For the first time in two decades, the city of Boston has a new mayor. State Representative Martin J. Walsh defeated At-Large City Councilor John R. Connolly 51.8% to 48.2% yesterday at the polls, according to early election returns provided by the Boston Elections Department.
In addressing his supporters last night, Walsh reflected that, “You’ve made Boston a place where dreams come true. Together we’ll make Boston a place where dreams come true for everyone.” As a son of Irish immigrants and a product of a Dorchester neighborhood, Walsh, 46, frequently drew upon his past struggles throughout his campaign.
A former alcoholic, Mayor-Elect Walsh often spoke of his bout with childhood cancer and the conditions that led to him becoming a local labor leader in his native Dorchester and on Beacon Hill. Walsh relied upon his labor base to make it through the mayoral preliminaries where he faced Councilor Connolly.
As the first open mayoral race in 20 years, observers saw the election as a marked shift. Current Mayor Thomas Menino, who opted in March not to seek an unprecedented 6th term, did not endorse a candidate in the race. Menino has been a presence at Boston City Hall since 1984, including his time as a city councilor.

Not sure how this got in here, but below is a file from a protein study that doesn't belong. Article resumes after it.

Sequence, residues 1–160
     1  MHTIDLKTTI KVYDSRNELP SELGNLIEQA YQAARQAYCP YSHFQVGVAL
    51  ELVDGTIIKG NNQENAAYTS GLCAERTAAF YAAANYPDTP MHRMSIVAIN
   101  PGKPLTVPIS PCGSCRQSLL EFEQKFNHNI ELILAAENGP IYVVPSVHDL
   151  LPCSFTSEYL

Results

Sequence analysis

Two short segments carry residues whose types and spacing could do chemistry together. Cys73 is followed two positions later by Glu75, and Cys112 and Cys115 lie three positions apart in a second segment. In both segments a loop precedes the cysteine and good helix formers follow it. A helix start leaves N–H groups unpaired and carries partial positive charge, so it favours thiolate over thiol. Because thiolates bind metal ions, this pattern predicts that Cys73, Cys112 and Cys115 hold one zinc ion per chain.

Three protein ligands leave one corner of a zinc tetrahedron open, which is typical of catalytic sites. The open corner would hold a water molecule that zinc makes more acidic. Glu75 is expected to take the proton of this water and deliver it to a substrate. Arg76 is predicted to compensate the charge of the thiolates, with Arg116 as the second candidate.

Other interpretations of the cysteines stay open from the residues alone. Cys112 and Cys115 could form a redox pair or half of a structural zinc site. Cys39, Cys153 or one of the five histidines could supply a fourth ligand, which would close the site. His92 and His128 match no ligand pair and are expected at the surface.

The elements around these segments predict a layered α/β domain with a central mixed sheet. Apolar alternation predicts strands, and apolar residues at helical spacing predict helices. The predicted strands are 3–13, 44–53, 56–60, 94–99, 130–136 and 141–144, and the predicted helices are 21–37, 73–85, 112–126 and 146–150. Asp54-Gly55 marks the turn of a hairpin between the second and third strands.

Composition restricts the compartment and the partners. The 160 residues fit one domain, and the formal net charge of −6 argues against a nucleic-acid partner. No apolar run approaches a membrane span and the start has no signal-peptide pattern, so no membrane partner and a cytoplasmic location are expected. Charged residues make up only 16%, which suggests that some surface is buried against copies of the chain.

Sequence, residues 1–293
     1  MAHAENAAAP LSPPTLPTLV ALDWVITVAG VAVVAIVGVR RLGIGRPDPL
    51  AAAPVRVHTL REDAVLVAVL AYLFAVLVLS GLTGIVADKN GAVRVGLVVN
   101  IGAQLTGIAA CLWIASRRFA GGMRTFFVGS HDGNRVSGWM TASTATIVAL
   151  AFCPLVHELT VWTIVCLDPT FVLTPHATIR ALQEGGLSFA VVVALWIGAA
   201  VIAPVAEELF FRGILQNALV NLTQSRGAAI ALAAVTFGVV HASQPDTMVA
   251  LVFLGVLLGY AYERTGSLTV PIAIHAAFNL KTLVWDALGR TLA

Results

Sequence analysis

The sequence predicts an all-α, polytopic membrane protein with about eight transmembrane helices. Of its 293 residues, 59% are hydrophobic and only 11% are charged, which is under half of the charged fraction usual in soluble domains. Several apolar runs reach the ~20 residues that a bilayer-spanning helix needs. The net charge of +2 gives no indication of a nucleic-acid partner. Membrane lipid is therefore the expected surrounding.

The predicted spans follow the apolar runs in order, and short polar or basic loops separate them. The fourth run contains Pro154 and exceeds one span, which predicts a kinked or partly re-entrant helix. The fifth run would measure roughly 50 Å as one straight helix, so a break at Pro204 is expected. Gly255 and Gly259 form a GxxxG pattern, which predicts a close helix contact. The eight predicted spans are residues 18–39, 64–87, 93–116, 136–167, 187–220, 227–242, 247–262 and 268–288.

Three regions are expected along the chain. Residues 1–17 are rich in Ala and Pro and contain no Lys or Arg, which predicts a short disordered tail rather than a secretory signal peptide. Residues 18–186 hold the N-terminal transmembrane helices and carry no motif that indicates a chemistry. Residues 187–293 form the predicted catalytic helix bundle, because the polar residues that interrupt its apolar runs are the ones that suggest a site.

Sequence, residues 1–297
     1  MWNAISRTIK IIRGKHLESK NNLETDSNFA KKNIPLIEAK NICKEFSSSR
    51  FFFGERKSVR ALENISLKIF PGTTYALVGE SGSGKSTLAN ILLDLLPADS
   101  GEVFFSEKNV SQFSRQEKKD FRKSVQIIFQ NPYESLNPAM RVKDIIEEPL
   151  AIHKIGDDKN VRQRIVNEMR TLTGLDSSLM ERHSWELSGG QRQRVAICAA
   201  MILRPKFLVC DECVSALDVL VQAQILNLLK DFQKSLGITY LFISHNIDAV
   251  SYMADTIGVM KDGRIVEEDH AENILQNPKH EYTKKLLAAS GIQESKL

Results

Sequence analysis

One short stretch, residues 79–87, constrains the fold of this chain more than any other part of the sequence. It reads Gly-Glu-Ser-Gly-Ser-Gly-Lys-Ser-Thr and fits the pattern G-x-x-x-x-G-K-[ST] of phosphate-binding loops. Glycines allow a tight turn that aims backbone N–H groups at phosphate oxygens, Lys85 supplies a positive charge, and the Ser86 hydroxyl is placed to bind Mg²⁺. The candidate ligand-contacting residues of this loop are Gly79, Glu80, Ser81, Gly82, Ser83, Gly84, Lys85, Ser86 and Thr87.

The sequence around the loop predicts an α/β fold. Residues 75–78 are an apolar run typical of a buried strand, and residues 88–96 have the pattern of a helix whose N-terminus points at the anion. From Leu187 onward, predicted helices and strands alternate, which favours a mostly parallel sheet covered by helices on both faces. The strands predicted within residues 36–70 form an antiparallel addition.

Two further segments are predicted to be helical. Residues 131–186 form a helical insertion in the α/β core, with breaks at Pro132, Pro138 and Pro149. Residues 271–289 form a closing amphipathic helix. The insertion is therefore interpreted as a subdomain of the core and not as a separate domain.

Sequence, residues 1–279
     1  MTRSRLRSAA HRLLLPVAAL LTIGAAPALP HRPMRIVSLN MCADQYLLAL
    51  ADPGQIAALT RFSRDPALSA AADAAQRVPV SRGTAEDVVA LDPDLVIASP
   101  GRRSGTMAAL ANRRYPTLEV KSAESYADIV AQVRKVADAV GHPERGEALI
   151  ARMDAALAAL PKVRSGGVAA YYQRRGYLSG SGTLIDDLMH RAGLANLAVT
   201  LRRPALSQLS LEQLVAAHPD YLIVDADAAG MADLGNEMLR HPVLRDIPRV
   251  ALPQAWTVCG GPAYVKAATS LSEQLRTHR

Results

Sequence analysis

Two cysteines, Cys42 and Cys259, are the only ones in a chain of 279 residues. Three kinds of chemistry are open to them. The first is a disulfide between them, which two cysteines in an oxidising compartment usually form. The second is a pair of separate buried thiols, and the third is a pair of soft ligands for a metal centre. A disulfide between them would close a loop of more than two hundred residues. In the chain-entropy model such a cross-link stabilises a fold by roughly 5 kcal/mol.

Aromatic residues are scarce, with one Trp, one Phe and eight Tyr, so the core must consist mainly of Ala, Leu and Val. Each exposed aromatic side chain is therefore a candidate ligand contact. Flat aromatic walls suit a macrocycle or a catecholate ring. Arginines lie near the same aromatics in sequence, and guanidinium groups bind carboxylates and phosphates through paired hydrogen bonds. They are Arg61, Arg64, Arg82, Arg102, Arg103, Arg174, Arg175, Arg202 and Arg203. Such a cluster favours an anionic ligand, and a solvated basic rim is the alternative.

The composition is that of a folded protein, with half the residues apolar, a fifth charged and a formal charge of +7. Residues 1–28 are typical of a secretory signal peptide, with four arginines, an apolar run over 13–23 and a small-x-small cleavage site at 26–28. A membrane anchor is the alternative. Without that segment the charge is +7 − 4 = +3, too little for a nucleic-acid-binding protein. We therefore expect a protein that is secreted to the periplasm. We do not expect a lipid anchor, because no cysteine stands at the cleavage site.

Walsh drew upon national labor networks in his quest to succeed Menino. The American Federation of Labor and Congress of Industrial Organizations (AFL-CIO) and Americans for Working Families, among other groups, supported Walsh’s candidacy in both donations and outside expenditures. Boston-based rock band Dropkick Murphys came out in support of Walsh, as did several world champion Boston Red Sox players, including Johnny Gomes and Mike Napoli.
In opposition to Walsh, Connolly ran as “The Education Mayor,” promising to reform Boston’s public school system. He charged that Walsh was too close to organized labor, and would be unable to effectively negotiate with unions that do business with the city. Walsh cited his years as an ally of unions as a sign that they would trust him in the upcoming debates over contracts and pay raises.
Although he graduated from the Woods School of Advancing Studies in 2009, Mayor-Elect Walsh has promised to take a fair approach to Boston College’s continued expansion. Marty Walsh is the first BC grad to become mayor of Boston since Kevin White, a graduate of Boston College Law School, who left office in 1984.
With Walsh taking office, the city of Boston will be one of the few cities in America to have a labor leader as its mayor. In leaving the stage on election night, Walsh told the crowd of supporters, “Boston, I promise you, the best is yet to come.”Featured image via Paul Marotta/Flickr.